The S.Ernest Sprott Fellowship
The late Samuel Ernest Sprott, who died on 20 May 2009, was born in Hobart, Tasmania. He was an academic in the department of English at Dalhousie University, Canada, from 1958 to 1985. For almost 25 years after his retirement he kept an office at Dalhousie University and continued his research in early modern literature (most notably in Shakespeare studies). He was best known for his work on John Milton, notably Milton's Art of Prosody, his first book, which appeared in nine editions between 1953 and 1978, and John Milton, A Maske: the Earlier Versions. His book Suicide: The English Debate from Donne to Hume was published in 1961. He also published a collection of poems in 1955.
One fellowship will be offered.
- Open to an Australian citizen who is an outstanding scholar, less than 45 years of age at the time of the award, for scholarly study outside of Australia which is intended to lead to a book relating to dramatic or non-dramatic English literature of the sixteenth or seventeenth centuries.
- Applicants must demonstrate an outstanding record of scholarship. They must outline a program of scholarly study outside Australia, leading to a book relating to dramatic or non-dramatic English literature of the sixteenth or seventeenth centuries.
- It is recommended that the applicant seek some kind of formal affiliation with a relevant library or university.
- The successful applicant will be required to visit the University of Melbourne to meet the selection committee before they depart for overseas to introduce their project. Costs incurred for this meeting (including airfares, meals and one night accommodation) will be organised by the recipient and will be purchased out of the fellowship funds.
- The recipient will be expected to provide quarterly reports on their progress in order for continuing payment of the award. These reports, to be delivered by the applicant at the end of each quarter, must be ratified by the committee or appropriate representative before the next quarterly payment can be made.
- Each report should be no longer than 1 A4 page in length, and include the following details:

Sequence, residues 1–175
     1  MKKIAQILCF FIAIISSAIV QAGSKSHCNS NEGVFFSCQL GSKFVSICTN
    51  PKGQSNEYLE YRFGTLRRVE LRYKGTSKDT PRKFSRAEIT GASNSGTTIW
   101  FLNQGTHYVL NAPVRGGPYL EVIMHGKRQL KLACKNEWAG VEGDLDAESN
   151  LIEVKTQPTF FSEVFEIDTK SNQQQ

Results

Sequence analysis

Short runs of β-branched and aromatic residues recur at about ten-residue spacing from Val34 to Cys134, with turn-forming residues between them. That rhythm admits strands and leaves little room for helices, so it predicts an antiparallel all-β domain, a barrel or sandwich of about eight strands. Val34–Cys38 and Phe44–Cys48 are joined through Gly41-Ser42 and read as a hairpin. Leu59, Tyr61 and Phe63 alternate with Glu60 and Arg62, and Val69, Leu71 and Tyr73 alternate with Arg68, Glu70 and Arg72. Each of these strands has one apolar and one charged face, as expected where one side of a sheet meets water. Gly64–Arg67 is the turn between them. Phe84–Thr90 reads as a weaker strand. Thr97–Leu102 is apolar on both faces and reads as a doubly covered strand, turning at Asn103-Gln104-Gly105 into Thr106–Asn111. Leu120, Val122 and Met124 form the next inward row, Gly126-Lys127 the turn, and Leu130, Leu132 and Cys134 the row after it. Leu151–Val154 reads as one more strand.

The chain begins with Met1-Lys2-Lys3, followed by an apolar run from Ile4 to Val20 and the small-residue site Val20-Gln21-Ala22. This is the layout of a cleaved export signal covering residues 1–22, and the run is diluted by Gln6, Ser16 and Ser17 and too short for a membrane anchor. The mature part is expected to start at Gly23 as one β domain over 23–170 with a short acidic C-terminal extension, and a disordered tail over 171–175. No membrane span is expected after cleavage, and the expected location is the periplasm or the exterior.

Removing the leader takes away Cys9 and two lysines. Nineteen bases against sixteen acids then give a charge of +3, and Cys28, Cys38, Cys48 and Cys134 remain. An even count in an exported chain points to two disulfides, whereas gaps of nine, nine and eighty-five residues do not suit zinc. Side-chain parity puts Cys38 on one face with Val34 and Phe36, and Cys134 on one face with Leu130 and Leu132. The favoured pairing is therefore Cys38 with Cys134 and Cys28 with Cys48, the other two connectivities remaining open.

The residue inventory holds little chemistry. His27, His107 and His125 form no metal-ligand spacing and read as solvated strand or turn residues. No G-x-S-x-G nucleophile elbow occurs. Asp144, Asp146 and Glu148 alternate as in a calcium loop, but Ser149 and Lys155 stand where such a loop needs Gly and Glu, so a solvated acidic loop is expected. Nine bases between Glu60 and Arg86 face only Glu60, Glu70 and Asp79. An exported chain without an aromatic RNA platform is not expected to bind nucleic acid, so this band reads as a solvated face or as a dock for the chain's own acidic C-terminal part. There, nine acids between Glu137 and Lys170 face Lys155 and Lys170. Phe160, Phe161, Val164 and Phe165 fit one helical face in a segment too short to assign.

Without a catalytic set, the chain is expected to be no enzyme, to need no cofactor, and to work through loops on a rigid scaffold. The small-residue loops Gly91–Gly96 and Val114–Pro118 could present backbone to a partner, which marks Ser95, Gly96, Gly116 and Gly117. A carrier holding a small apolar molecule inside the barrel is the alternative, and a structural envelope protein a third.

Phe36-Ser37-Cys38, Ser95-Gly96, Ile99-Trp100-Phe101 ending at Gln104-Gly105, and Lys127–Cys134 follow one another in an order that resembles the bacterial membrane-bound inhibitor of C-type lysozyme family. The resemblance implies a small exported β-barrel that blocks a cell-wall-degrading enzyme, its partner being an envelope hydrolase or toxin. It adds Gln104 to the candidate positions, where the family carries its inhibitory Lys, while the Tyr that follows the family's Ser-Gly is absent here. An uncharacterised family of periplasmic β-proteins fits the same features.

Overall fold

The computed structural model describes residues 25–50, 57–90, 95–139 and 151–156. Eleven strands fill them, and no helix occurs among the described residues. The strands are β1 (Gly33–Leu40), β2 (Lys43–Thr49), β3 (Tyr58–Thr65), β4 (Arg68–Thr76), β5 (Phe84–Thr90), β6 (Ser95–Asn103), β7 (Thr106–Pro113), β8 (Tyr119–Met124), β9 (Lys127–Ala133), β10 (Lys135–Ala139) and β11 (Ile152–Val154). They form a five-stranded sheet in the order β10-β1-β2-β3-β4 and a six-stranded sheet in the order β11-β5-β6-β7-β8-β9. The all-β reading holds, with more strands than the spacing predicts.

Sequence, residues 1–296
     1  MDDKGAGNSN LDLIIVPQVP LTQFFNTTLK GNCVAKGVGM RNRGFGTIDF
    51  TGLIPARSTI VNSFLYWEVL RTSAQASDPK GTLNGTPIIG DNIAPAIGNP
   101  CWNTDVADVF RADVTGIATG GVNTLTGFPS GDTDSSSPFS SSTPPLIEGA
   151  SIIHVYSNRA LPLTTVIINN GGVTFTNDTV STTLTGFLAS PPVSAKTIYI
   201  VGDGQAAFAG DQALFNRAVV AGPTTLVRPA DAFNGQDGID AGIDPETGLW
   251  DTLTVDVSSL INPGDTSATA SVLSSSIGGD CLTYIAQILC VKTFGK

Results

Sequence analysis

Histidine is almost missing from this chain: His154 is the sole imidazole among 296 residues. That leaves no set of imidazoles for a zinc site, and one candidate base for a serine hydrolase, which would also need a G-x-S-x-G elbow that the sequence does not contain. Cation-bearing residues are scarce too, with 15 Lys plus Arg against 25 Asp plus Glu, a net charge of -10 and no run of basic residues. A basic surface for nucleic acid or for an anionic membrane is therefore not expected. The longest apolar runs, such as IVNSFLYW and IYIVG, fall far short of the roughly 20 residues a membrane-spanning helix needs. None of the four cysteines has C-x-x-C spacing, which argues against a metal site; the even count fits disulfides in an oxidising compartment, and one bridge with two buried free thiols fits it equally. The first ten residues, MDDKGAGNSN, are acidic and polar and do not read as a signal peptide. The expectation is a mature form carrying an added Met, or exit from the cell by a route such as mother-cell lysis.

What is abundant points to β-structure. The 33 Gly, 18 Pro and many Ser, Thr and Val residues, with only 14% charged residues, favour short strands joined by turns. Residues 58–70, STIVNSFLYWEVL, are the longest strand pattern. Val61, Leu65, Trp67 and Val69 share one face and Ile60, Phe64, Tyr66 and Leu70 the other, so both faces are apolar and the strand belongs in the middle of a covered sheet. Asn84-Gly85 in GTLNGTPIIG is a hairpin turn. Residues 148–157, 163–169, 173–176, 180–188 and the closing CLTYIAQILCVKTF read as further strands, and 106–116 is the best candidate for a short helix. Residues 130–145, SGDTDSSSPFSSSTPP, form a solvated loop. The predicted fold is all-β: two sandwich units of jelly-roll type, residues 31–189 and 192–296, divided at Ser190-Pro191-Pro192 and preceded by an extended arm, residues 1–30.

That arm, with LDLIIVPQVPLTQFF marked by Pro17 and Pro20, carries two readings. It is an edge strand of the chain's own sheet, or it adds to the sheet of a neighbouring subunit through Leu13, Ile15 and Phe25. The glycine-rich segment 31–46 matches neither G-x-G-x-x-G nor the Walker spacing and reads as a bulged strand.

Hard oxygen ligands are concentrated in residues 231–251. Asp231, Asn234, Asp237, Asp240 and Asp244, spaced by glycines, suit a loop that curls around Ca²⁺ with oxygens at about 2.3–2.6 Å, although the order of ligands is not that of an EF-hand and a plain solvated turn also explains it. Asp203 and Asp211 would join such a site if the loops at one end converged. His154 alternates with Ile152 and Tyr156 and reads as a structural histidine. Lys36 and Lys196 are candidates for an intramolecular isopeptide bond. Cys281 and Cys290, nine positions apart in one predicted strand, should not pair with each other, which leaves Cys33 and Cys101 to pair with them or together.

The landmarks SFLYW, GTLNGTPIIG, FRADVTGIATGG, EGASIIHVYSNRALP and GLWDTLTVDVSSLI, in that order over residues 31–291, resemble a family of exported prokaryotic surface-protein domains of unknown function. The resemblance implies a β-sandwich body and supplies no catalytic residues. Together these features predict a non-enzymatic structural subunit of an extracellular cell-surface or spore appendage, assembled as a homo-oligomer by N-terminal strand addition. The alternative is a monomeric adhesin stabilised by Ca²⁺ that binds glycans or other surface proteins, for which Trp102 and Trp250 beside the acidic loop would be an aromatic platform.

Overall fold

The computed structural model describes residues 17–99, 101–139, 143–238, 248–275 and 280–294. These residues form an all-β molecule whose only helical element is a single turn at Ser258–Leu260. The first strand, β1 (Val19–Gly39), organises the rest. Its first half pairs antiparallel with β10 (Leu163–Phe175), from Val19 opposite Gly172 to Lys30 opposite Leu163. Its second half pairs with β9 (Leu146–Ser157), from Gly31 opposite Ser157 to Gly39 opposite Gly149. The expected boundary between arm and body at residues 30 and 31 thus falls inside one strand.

- list of the research successfully completed by the candidate in that quarter, including archival studies, cross-referenced to the proposed schedule
- a brief account of any significant departures from the proposal, whether due to significant archival discoveries or other factors
- a list of any accomplishments associated with the scholarship, including public presentations or publications.
- The fourth and final reporting which is due within 3 months of returning from overseas will include a public presentation at the University of Melbourne, at a time to be organised by the candidate in collaboration with the committee. Costs incurred for this meeting (including airfares, meals and one night accommodation) will be organised by yourself and will be purchased out of your fellowship funds. The final presentation will be required for successful acquittal of the grant, and may include interviews for marketing purposes.
Applicants will be advised of the outcome via email within 6-8 weeks after the closing date.
Eligible applicants must complete the online application form (via the link below) which requires a brief proposal detailing the intended scholarly studies outside Australia on dramatic or non-dramatic English literature of the sixteenth or seventeenth centuries (no more than one page), your budget and documents uploaded as outlined below
- A curriculum vitae (including present position and publications) - no more than two pages
- Copy of Australian Citizenship (Passport, Birth Certificate, Citizenship Certificate)
- Two academic references
- Optional: Further supporting information that may assist the committee in making its decision (ie, this allows you space on the application form to upload documents, in addition to the above, which you may feel are relevant for the committee)